Brazilian singer João Gilberto, a two-time Grammy winner, died in Rio de Janeiro on July 6, 2019, at 88. Considered to be the pioneer of the bossa nova genre in the late 1950s, he is often referred to as the "father of bossa nova."
Four-time Grammy nominee Jim Pike (left) — the lead singer in the 1960s pop group The Lettermen — passed away on June 9, 2019, at 82 from complications of Parkinson's disease.
Charles "Chuck" Barksdale (pictured here on the right) — a founding member of doo-wop group The Dells — died on May 15, 2019, at 84. The Dells, who were inducted into the Rock and Roll Hall of Fame, are responsible for hit tracks like "Oh, What a Nite," "Always Together" and "Give Your Baby a Standing Ovation."
Rhythm and blues singer Jackie Shane died on Feb. 21, 2019. She is considered to be a transgender pioneer of soul music in the 1960s and is best known for her hit single "Any Other Way." Jackie passed away in her sleep at her home in Nashville at 78.
Scott Walker was a successful singer-songwriter who evolved from teen pop sensation to avant-garde musician. On March 22, 2019, the former the Walker Brothers member lost his battle with cancer at 76.
Harold Mabern passed away on Sept. 17, 2019, at 83 after suffering a heart attack. The Memphis-born jazz pianist and composer was regarded as "one of the great post-bop pianists," according to The Penguin Guide to Jazz Recordings.
On May 30, 2019, eclectic '70s singer-guitarist Leon Redbone — who was known for his ragtime and vaudeville-style music performances — passed away at 69.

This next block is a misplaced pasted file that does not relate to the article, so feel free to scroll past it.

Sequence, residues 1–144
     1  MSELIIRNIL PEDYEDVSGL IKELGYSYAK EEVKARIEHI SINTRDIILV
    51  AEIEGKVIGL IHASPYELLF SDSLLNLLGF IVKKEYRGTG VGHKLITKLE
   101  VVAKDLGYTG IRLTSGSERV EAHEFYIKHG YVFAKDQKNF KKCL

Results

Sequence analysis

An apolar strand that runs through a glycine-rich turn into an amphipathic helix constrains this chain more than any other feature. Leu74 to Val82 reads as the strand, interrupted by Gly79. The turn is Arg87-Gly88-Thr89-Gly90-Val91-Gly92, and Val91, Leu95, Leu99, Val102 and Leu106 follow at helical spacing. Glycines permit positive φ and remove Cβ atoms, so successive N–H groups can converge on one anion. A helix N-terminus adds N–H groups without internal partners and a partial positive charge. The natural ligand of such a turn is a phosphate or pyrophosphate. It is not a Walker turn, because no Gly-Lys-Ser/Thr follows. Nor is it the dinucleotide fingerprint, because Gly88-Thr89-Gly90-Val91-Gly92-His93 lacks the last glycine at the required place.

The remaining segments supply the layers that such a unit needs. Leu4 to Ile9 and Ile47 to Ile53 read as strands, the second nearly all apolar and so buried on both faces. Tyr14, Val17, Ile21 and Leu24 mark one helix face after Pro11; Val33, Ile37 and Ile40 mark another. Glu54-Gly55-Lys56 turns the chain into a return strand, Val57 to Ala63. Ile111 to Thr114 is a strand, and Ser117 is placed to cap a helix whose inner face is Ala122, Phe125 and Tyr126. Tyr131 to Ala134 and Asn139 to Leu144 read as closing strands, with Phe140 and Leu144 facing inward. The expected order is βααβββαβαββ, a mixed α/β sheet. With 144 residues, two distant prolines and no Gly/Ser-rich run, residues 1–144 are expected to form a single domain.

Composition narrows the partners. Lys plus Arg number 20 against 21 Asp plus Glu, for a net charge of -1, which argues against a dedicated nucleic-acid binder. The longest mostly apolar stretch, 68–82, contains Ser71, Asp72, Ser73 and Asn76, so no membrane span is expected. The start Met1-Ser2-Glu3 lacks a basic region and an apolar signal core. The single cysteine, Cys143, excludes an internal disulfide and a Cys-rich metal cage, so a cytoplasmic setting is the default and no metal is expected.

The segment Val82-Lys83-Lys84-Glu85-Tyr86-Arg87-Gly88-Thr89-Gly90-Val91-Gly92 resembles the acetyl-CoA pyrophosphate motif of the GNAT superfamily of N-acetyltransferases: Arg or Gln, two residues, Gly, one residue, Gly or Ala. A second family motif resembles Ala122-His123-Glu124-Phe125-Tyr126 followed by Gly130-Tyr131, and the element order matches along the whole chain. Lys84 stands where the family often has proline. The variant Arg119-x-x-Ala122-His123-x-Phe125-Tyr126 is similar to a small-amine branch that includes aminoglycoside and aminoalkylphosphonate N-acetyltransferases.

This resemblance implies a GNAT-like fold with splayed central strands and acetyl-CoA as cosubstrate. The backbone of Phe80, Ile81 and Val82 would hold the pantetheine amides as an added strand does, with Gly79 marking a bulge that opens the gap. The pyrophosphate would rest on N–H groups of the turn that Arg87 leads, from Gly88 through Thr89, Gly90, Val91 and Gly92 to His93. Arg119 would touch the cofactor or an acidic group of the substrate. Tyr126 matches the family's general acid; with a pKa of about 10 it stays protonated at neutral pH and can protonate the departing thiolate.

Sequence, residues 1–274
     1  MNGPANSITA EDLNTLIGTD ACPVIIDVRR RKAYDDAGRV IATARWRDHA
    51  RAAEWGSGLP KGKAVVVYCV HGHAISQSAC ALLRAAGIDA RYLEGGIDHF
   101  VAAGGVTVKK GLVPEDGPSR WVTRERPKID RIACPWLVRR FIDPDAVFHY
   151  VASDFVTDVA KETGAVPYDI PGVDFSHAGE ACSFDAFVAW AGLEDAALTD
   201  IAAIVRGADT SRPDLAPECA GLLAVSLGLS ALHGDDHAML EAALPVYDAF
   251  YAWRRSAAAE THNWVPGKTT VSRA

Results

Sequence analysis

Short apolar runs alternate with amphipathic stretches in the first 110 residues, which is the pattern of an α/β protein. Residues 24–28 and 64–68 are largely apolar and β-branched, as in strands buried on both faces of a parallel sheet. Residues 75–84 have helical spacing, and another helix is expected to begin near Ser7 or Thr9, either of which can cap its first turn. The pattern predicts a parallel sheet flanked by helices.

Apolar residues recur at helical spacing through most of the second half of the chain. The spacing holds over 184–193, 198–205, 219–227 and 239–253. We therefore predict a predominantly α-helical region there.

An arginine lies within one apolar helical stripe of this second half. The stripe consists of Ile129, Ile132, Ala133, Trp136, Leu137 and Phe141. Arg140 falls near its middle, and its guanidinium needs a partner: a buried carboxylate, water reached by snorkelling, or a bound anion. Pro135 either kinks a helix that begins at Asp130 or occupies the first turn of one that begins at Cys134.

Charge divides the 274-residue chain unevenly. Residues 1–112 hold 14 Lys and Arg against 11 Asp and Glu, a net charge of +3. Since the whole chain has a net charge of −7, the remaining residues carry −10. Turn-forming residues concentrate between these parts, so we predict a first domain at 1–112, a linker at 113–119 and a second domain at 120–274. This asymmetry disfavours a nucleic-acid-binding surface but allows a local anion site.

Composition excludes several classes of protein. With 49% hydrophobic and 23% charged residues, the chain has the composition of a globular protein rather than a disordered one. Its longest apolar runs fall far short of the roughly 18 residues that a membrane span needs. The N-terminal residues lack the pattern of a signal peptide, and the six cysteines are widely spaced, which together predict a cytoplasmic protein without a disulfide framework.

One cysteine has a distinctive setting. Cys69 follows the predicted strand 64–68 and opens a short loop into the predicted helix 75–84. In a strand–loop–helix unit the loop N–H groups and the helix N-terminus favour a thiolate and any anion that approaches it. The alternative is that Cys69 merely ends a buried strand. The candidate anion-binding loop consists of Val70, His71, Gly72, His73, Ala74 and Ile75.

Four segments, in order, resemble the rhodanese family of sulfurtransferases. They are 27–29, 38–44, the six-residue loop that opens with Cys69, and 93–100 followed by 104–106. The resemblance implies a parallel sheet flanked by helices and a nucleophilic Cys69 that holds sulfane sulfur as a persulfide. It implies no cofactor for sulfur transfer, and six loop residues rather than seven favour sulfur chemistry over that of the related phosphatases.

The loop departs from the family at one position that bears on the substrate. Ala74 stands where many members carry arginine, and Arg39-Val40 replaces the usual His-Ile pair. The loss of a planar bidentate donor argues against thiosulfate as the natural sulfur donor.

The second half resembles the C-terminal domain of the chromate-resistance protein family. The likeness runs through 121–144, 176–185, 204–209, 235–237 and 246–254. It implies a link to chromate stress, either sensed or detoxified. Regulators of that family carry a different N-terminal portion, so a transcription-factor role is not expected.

Grammy-winning music producer Philippe Zdar — half of the house music duo Cassius — died in a freak accident on June 19, 2019, when he fell out of a window in Paris. He was 52.
Rapper Bushwick Bill died on June 9, 2019, from pancreatic cancer. He's best known as a member of Geto Boys, which he originally joined as a dancer, alongside Scarface and Willie D.
Irish guitarist and singer-songwriter Bernie Tormé passed away on March 17, 2019, in London. Bernie is best known for playing with bands including Gillian, Atomic Rooster and Ozzy Osbourne's backing band. He reportedly died from pneumonia just before his 67th birthday.
On Jan. 26, 2019, French composer Michel Legrand died in his sleep. He was 86. During his long career, he took home three Oscars and five Grammys.
David Berman passed away on Aug. 7, 2019. The Virginia-born musician died by suicide in Brooklyn at 52. He was best known as a member of the indie rock band Silver Jews. David was also a writer who released two books, "Actual Air" in 1999 and "The Portable February" in 2009.
On July 16, 2019, Grammy-nominated South African singer Johnny Clegg — who broke racial barriers with his performances during apartheid — died from complications of pancreatic cancer. He was 66.
Musician, poet, writer and Grateful Dead lyricist Robert Hunter died at 78 on Sept. 23, 2019.
On Feb. 26, 2019, Mark Hollis — the frontman for new wave British group Talk Talk — died "after a short illness from which he never recovered," his manager told media outlets.
On Sept. 8, 2019, Grammy-nominated Spanish balladeer Camilo Sesto died in Madrid after suffering two heart attacks. He was 72.
Grammy-nominated bluegrass legend Mac Wiseman died at 93 on Feb. 24, 2019.
Jimmy Johnson — the Grammy-winning guitarist for the Muscle Shoals Rhythm Section, who recorded with Aretha Franklin, Paul Simon and Lynyrd Skynyrd — died from complications due to kidney failure on Sept. 5, 2019, at 76.
On March 21, 2019, rising country music singer Justin Carter died in Houston while filming a music video when a gun in his pocket accidentally "went off and caught my son in the corner of his eye," his mother told Fox News. He was 35.
On Sept. 30, 2019, Grammy winner Louie Rankin — a Jamaican dancehall reggae artist and actor (real name: Leonard Ford) — died in a car accident in Ontario, Canada. It's believed he was in his mid-60s at the time of his death.